Posted Friday, September 17, 2004
Lots of research has focused on inbound links to a site, but little has focused on the number of links actually on a page (outbound or to other parts of a site). Many SEO gurus have recently been talking about something they call "PR Leak" which seems to be a theory that the more outbound links you have, the more your page rank on Google "leaks" away. That concept isn't found in the academic papers published by the founders of Google, but does seem to be accepted by a majority of SEOs. I decided it was time to take a look at the number of links present on a page and how that number correlates with ranking.
The methodology: I gathered the results of the queries that were naturally performed last month by myself and three associates using the two leading search engines and analyzed them. I counted the number of links on the page (references to "href") and tabulated the results against the ranking of the URL in the search results. The tabulated results were finally converted into a normalized "ranking correlation." The results for each of the two leading search engines were kept separate so that we could discover any differences between the two leading search engines for this factor.
The resulting graphs show the results for groupings of number of links normalized into a number between -100 and +100 showing the likelihood of being ranked higher/lower. A value of +100 shows that all 10 rankings were in the proper order to show that pages of the studied value ALWAYS rank HIGHER than pages of another value. A value of -100 shows that all 10 rankings were in the proper order to show that pages of the studied value ALWAYS rank LOWER than pages of another value. Numbers in between show the varying likelihood of rankings proportionally between -100 and +100.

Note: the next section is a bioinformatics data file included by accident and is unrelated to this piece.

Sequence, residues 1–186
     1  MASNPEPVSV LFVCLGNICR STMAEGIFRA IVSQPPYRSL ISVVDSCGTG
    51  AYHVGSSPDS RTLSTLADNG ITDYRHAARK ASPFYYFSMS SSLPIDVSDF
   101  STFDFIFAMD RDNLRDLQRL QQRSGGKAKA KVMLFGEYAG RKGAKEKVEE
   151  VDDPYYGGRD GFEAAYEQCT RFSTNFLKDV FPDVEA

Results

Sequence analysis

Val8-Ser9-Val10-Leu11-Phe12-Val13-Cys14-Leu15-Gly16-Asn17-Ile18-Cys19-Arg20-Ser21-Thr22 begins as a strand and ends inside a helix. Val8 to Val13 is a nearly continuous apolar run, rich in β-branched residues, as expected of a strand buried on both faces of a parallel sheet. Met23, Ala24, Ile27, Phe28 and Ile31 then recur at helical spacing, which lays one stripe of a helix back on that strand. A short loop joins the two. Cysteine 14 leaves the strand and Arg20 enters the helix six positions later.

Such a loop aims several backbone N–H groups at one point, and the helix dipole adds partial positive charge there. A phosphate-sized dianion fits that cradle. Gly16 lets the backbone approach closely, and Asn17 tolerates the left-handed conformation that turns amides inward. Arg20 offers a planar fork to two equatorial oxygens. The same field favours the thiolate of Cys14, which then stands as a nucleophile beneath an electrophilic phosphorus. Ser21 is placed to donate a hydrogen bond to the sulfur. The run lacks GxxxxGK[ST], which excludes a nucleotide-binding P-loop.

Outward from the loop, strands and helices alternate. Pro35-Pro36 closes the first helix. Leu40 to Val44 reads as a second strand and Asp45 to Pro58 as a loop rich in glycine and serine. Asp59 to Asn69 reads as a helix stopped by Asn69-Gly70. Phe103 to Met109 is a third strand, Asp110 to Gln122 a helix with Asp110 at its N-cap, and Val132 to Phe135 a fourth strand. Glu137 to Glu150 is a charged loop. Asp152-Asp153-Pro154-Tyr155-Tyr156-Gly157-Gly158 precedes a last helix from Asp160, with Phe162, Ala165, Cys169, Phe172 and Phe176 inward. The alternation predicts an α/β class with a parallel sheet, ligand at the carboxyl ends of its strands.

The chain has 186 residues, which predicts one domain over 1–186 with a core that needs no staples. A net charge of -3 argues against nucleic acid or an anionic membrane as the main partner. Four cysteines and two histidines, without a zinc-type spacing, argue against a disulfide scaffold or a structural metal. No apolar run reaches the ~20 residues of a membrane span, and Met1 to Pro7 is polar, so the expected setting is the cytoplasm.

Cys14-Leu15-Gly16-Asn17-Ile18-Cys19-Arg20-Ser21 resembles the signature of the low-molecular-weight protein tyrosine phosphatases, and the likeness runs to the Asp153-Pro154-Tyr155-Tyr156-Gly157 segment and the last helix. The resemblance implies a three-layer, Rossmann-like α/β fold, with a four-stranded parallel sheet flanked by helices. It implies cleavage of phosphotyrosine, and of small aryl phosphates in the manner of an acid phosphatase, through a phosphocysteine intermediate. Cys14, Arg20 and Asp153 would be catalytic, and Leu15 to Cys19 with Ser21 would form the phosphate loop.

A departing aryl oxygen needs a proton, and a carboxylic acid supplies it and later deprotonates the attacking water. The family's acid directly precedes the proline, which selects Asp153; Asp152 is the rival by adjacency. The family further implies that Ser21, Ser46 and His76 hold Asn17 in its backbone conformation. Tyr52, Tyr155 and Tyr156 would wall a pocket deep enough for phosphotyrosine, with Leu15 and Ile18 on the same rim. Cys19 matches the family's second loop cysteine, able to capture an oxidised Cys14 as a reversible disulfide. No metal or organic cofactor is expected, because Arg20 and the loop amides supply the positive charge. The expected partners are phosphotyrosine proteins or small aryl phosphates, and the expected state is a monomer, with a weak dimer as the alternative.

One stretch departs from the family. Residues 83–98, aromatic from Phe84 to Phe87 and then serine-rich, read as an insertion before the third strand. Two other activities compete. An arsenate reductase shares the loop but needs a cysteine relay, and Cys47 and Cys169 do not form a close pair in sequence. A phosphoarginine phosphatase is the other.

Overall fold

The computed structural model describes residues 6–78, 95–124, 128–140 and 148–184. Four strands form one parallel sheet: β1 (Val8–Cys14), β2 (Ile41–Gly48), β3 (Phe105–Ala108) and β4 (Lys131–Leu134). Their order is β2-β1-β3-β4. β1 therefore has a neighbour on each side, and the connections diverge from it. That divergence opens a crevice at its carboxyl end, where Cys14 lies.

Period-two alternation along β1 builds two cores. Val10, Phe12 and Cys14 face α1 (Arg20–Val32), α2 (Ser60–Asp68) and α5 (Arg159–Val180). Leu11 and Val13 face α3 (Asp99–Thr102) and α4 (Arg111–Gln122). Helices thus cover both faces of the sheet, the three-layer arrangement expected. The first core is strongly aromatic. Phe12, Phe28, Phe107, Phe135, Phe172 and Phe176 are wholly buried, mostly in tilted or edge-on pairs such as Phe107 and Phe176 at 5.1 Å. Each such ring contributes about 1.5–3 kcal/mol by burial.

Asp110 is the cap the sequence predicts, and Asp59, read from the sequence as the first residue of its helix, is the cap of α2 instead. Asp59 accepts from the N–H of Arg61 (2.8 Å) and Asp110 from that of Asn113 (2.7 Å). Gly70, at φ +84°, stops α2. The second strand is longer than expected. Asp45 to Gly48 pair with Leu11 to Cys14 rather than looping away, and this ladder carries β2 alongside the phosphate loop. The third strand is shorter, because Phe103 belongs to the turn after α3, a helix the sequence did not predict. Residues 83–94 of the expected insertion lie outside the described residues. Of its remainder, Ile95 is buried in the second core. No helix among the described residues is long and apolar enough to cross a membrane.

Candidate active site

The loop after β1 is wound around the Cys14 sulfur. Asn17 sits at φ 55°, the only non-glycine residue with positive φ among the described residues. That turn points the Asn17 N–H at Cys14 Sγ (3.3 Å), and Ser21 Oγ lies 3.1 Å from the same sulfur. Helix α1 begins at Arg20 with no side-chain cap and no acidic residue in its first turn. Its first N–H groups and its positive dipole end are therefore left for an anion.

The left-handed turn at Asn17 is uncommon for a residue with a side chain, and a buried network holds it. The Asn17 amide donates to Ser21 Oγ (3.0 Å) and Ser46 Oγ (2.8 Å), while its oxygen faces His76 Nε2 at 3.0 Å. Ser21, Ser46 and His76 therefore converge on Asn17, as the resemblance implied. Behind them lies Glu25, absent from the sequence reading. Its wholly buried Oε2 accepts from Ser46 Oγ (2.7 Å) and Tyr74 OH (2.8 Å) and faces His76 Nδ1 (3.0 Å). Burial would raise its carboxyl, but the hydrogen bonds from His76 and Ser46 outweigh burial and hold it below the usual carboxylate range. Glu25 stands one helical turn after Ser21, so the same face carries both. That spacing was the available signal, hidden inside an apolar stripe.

That is the number you see on the Y-axis. On the X-axis, we have the number of links found. They are grouped into sets of 10 in order to increase the statistical significance with the amount of data we had available to analyze. Here are the graphs for the two leading search engines:
(Note to webmasters: Feel free to hot link to the above graphs or copy them to your own site if you publish this report. Feel free to remove this note as well.)
The number of links were grouped in this way in order to increase the number of data points available. Unfortunately it also reduces the precision of the results. One is able to see that 91-100 links rank much higher than 1-10 links, but you are unable to see if 77 links rank differently than 79 links (for example).
The result is very conclusive. Both leading search engines rank pages with more links much higher than pages with fewer links! Once again, it appears that the SEOs touting the "PR Leak" theory are simply wrong. If their theory held any weight at all, we should see the exact opposite. Pages with more links should rank lower on average.
1. There was no exercise to attempt to isolate different keywords. I merely took a random sampling of the queries performed by myself and three associates during the month.
2. This is merely a correlation study, so it cannot be determined from this study whether the leading search engines purposefully entertain this factor or not. The actual factors used may be far distant from the factor we studied.
About the Author
Jon Ricerca is one of the leading researchers and authors of the Search Engine Ranking Factor (SERF) reports at SearchEngineGeek.com. For access to the other SERF reports, please visit: (http://www.SearchEngineGeek.com)